‘The NFT thingy is starting to burst,’ warns guru whose ‘Black Swan’ theory foresaw 2007 financial crisis

April 16, 2022, 8:45 PM UTC

The NFT bubble is beginning to burst, says the man who was one of the few to see the 2007–2008 financial crisis coming in a book some consider one of the most influential since World War II.

“The NFT thingy is starting to burst,” Nassim Nicholas Taleb, author of the 2010 New York Times bestseller The Black Swan, tweeted Saturday. “All you need is higher interest rates for things that make no sense to start making no sense.”

Taleb cited the recent story of Twitter cofounder Jack Dorsey, whose first tweet sold as an NFT last year for nearly $3 million. It’s now worth only thousands, according to a CNBC article published this week.

The tweet’s buyer, crypto entrepreneur Sina Estavi, announced last Wednesday that he would be selling the NFT on OpenSea and would donate half the proceeds to charity, CNBC reported. As of Saturday the highest bid was just over $18,000.

Taleb’s theory about black swans is all about the emergence of ultra-rare events for which the market is unprepared. In 2007, it was falling home prices, and in the 2020s it’s the end of low rates and easy money. The swans may not always be white, in other words.

The Federal Reserve is expected to raise interest rates by half a percentage point in May, part of more aggressive efforts to bring inflation down. U.S. consumer prices rose nearly 9% year over year last month, the largest increase since 1981. The market has been bracing for some time for the end of the ultralow interest rates and cheap money that have been market pandemic monetary policy. Taleb seems to be arguing that much of this easy money has poured into speculative investments such as NFTs and that activity is coming to an end.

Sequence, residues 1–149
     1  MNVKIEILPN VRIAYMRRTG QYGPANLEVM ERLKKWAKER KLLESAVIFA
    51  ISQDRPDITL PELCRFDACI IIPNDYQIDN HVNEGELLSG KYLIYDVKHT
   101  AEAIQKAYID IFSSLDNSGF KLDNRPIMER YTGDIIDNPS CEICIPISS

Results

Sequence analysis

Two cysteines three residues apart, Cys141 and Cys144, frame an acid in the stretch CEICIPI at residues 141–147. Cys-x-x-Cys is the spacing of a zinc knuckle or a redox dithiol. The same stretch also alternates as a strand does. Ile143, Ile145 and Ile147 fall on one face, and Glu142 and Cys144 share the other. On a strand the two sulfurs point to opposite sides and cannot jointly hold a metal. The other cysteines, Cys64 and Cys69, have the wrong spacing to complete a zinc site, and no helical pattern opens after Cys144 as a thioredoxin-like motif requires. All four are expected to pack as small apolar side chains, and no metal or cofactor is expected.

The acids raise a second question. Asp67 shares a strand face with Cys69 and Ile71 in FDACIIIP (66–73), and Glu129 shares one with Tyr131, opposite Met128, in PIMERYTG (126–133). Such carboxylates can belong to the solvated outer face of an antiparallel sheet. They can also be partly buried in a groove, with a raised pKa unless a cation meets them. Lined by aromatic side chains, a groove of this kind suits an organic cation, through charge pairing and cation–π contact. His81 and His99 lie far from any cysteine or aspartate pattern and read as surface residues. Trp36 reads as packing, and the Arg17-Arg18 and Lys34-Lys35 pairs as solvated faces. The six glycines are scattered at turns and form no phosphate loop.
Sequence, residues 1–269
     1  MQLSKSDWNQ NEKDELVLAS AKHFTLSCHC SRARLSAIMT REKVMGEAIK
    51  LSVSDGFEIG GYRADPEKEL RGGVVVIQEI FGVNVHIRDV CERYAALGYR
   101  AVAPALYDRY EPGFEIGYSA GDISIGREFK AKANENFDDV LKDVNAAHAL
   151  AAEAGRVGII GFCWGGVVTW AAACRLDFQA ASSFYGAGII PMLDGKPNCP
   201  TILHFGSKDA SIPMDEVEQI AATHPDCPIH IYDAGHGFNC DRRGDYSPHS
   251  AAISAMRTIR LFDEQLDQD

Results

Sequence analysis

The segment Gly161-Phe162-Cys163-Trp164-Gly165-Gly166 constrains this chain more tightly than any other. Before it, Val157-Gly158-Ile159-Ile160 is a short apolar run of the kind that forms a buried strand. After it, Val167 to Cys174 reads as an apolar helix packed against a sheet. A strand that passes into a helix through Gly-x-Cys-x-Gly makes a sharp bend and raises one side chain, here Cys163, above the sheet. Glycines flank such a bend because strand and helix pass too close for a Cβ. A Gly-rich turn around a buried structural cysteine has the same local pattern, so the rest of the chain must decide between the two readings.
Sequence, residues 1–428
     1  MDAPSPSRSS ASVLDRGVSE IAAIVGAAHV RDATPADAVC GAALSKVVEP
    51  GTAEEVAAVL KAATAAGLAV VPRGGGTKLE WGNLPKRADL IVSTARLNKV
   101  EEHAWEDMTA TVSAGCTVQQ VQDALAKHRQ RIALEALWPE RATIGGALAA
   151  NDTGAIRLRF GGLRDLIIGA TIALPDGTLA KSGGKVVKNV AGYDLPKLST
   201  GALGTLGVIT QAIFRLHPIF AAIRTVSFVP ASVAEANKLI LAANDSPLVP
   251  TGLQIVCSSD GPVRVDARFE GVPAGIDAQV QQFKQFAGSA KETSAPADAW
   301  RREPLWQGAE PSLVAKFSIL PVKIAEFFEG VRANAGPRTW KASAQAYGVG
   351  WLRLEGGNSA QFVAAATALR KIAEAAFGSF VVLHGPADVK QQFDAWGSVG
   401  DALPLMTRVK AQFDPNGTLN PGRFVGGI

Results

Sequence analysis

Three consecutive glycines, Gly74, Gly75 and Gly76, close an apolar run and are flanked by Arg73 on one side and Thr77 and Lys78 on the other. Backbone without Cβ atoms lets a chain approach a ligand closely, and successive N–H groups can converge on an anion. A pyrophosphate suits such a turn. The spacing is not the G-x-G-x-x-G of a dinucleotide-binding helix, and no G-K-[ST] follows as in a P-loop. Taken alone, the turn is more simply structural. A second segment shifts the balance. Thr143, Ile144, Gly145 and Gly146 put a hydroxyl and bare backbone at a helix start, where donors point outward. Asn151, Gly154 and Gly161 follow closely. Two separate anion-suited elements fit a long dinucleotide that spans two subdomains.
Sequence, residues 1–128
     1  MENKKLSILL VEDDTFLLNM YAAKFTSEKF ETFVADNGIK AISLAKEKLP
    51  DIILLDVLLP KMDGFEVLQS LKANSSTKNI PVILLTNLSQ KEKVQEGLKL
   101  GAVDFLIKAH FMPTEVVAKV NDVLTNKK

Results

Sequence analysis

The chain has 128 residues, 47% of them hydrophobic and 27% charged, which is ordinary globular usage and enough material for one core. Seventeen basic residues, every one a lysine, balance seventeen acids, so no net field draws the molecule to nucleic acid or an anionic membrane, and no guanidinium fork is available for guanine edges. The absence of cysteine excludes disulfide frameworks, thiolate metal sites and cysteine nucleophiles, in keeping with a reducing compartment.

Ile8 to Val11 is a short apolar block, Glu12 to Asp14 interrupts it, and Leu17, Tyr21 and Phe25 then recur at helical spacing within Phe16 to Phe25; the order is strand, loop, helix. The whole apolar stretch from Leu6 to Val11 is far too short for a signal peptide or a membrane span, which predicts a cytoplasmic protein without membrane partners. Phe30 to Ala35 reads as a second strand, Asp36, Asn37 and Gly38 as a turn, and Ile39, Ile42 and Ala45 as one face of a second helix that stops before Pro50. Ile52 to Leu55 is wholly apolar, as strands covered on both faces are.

C.Z. Zhao, the billionaire founder of Binance, the world’s largest cryptocurrency trading platform, expressed a sentiment similar to Taleb’s in a recent interview with Fortune, responding to the 2021 sale of an NFT piece of artwork for $69 million with, “People have have lost their mind.”

The recipient of that fortune, an artist known as Beeple—Mike Winkelmann in real life—worried last year that NFT art was in a bubble. He told Fox News Sunday that the internet, in its nascence, was also a bubble—and it eventually burst.

“But it didn’t wipe out the internet,” he said. “And so the technology itself is strong enough where I think it’s going to outlive that.”

Zhao also sees the fragility of the market but is quick to point out he’s not an art collector.

“Nothing is worth that much, right?” he said, referencing Beeple’s mind-blowing sale. “But if you have one person willing to pay for it, if that person suddenly changed their mind, then that is no longer worth that much.”

NFT stands for non-fungible token—a unique, original digital asset that belongs only to its owner or owners. It’s a bit like a certificate of authenticity for artwork, music, videos, and even tweets.

NFTs can be sold individually or as part of a collection, as in the case of Bored Ape Yacht Club, a collection of thousands of digital ape illustrations on the Ethereum blockchain. Those who purchase an ape graphic as an NFT gain membership to an exclusive club with members-only perks like access to “the Bathroom,” a members-only online graffiti board. Celebrities like comedian and Tonight Show host Jimmy Fallon and Grammy-winning producer Timbaland are currently using their Bored Ape NFTs as their Twitter profile pics.

A whopping $44 billion was spent on NFTs last year, Fortune previously reported.

The Black Swan was named in 2009 as one of the 12 most influential books since World War II by British newspaper The Times.

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